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'Plasma treatment' works: Two coronavirus patients recover with it

Two South Koreans have recovered from the coronavirus after
Two South Koreans have recovered from the coronavirus after "plasma treatment."

By Park Si-soo

Two South Koreans have recovered from COVID-19 after "plasma treatment," Severance Hospital said on Tuesday, in the first cases of this kind in South Korea, with no vaccine and proven treatment for the virus developed yet.


One of the two patients was released from the hospital "in good shape," the hospital said, adding details of the treatment were published in the latest edition of the Journal of Korean Medical Science (JKMS).

To read the paper: https://jkms.org/DOIx.php?id=10.3346/jkms.2020.35.e149

The news comes six days after the Korea Centers for Disease Control and Prevention (KCDC) announced the start of treating coronavirus patients with plasma extracted from people who have recovered from the virus-driven illness.


The two recovered patients are a 71-year-old man and a 67-year-old woman who were once in critical condition.

According to the hospital, the man contracted the virus without a pre-existing condition. He was initially treated with anti-viral drugs but developed pneumonia in both his lungs. The plasma treatment was a last resort, it said.

A total of 500ml of plasma, extracted from a recovered coronavirus patient in his 20s, was injected into the patient over 12 hours, along with steroid treatment. His health improved noticeably two days later.

The woman -- with chronic high blood pressure -- was taken to the hospital with severe pneumonia and breathing problems. She was initially treated with anti-malaria and drugs used to treat AIDS patients to no avail.

She also received 500ml of plasma via injection over 12 hours and her condition improved significantly.

Dr. Choi Joon-yong, who treated the patients, said the plasma treatment has side effects and its efficacy is not yet proven. But these cases demonstrate that in the absence of a vaccine and proven treatment, plasma therapy can be a viable option for patients in critical condition, Choi said.

Meanwhile the government will set guidelines for the plasma treatment of coronavirus patients.

Kwon Joon-wook, deputy KCDC director, told reporters on Tuesday that plasma therapy guidelines will be announced within days.

It was introduced in 2015 when Middle East Respiratory Syndrome (MERS) hit the country, helping the recovery of nine patients. Kwon said China had reported successful treatment of cases with this method.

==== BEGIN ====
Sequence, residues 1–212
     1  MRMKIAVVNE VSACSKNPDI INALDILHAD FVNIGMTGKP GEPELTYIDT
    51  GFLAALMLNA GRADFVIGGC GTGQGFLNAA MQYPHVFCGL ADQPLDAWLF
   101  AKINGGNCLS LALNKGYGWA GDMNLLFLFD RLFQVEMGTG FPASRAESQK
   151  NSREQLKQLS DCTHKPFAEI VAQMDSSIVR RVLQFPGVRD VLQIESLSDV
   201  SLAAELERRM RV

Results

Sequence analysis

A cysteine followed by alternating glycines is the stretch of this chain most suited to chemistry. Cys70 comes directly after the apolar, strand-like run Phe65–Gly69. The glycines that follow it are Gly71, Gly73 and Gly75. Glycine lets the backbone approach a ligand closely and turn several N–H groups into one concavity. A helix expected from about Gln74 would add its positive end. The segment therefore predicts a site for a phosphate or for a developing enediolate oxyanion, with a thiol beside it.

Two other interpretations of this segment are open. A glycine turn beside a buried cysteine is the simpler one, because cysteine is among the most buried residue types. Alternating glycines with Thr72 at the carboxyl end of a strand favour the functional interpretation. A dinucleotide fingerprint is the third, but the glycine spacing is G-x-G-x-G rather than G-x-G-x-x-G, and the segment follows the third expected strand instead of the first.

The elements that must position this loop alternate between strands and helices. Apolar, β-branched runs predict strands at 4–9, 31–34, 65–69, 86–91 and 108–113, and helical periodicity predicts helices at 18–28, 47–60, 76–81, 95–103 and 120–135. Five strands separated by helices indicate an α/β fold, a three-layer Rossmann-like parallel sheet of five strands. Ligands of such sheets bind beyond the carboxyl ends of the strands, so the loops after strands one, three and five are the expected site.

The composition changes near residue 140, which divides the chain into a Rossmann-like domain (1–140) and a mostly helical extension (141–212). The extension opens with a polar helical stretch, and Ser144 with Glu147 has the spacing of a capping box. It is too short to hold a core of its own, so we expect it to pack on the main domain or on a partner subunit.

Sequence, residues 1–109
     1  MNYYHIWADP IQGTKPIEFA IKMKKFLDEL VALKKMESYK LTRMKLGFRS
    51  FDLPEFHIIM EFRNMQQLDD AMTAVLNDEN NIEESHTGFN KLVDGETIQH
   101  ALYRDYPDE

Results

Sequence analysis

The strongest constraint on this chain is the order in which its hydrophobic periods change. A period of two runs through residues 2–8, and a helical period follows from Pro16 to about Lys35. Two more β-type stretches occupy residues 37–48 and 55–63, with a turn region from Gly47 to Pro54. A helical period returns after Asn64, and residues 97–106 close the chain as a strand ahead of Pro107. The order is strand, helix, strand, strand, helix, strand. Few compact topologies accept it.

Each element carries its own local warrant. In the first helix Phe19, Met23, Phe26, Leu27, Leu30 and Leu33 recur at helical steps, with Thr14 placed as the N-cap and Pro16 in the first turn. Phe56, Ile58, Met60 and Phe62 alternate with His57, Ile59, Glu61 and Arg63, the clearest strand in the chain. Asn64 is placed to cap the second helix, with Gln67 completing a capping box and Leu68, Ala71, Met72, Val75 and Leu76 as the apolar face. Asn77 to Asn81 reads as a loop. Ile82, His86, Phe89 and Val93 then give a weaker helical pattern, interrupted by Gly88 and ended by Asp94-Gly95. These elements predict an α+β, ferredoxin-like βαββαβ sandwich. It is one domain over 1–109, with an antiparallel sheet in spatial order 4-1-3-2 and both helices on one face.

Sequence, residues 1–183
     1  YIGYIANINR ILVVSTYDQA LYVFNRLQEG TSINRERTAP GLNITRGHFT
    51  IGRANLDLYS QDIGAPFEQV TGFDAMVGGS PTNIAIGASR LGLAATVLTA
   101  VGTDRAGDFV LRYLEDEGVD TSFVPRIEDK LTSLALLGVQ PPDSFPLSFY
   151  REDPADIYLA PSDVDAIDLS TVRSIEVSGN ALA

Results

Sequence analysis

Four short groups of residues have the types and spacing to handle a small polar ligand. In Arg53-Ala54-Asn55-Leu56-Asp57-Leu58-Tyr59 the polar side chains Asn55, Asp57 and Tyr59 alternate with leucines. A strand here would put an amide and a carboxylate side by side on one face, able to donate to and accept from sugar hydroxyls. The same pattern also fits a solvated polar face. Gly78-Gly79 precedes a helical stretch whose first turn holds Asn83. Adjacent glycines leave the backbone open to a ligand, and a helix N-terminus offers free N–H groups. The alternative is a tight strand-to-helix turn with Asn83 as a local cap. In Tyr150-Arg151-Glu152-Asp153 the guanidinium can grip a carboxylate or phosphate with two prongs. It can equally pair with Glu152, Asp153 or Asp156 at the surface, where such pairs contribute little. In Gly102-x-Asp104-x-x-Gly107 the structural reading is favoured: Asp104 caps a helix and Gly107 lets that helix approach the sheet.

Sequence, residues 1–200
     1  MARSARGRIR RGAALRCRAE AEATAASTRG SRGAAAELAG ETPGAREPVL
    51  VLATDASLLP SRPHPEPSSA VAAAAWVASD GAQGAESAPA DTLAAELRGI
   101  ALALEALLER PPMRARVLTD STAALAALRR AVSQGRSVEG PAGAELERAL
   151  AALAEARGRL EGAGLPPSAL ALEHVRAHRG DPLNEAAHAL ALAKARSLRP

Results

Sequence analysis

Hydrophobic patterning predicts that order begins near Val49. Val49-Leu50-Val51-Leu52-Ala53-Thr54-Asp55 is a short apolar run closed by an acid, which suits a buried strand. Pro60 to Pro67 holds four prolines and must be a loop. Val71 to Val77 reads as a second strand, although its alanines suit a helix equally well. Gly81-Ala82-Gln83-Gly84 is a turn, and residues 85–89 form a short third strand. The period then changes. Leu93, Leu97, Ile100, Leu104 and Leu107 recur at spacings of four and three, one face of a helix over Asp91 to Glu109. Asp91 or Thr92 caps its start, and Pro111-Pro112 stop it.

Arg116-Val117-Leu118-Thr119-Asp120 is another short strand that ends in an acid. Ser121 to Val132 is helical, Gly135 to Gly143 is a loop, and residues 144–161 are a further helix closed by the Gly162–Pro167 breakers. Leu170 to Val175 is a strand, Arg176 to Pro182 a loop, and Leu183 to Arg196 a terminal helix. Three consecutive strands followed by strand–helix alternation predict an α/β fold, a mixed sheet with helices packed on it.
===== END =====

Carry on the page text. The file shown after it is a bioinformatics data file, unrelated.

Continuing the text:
But he remained cautious about the effectiveness of plasma therapy, saying health authorities will apply the guidelines to hospitals after gathering opinions from experts.

Two South Koreans have recovered from the coronavirus after
Two South Koreans have recovered from the coronavirus after "plasma treatment."

By Park Si-soo

Two South Koreans have recovered from COVID-19 after "plasma treatment," Severance Hospital said on Tuesday, in the first cases of this kind in South Korea, with no vaccine and proven treatment for the virus developed yet.


One of the two patients was released from the hospital "in good shape," the hospital said, adding details of the treatment were published in the latest edition of the Journal of Korean Medical Science (JKMS).

To read the paper: https://jkms.org/DOIx.php?id=10.3346/jkms.2020.35.e149

The news comes six days after the Korea Centers for Disease Control and Prevention (KCDC) announced the start of treating coronavirus patients with plasma extracted from people who have recovered from the virus-driven illness.


The two recovered patients are a 71-year-old man and a 67-year-old woman who were once in critical condition.

According to the hospital, the man contracted the virus without a pre-existing condition. He was initially treated with anti-viral drugs but developed pneumonia in both his lungs. The plasma treatment was a last resort, it said.

A total of 500ml of plasma, extracted from a recovered coronavirus patient in his 20s, was injected into the patient over 12 hours, along with steroid treatment. His health improved noticeably two days later.

The woman -- with chronic high blood pressure -- was taken to the hospital with severe pneumonia and breathing problems. She was initially treated with anti-malaria and drugs used to treat AIDS patients to no avail.

She also received 500ml of plasma via injection over 12 hours and her condition improved significantly.

Dr. Choi Joon-yong, who treated the patients, said the plasma treatment has side effects and its efficacy is not yet proven. But these cases demonstrate that in the absence of a vaccine and proven treatment, plasma therapy can be a viable option for patients in critical condition, Choi said.

Meanwhile the government will set guidelines for the plasma treatment of coronavirus patients.

Kwon Joon-wook, deputy KCDC director, told reporters on Tuesday that plasma therapy guidelines will be announced within days.

It was introduced in 2015 when Middle East Respiratory Syndrome (MERS) hit the country, helping the recovery of nine patients. Kwon said China had reported successful treatment of cases with this method.

But he remained cautious about the effectiveness of plasma therapy, saying health authorities will apply the guidelines to hospitals after gathering opinions from experts.

Park Si-soo pss@koreatimes.co.kr

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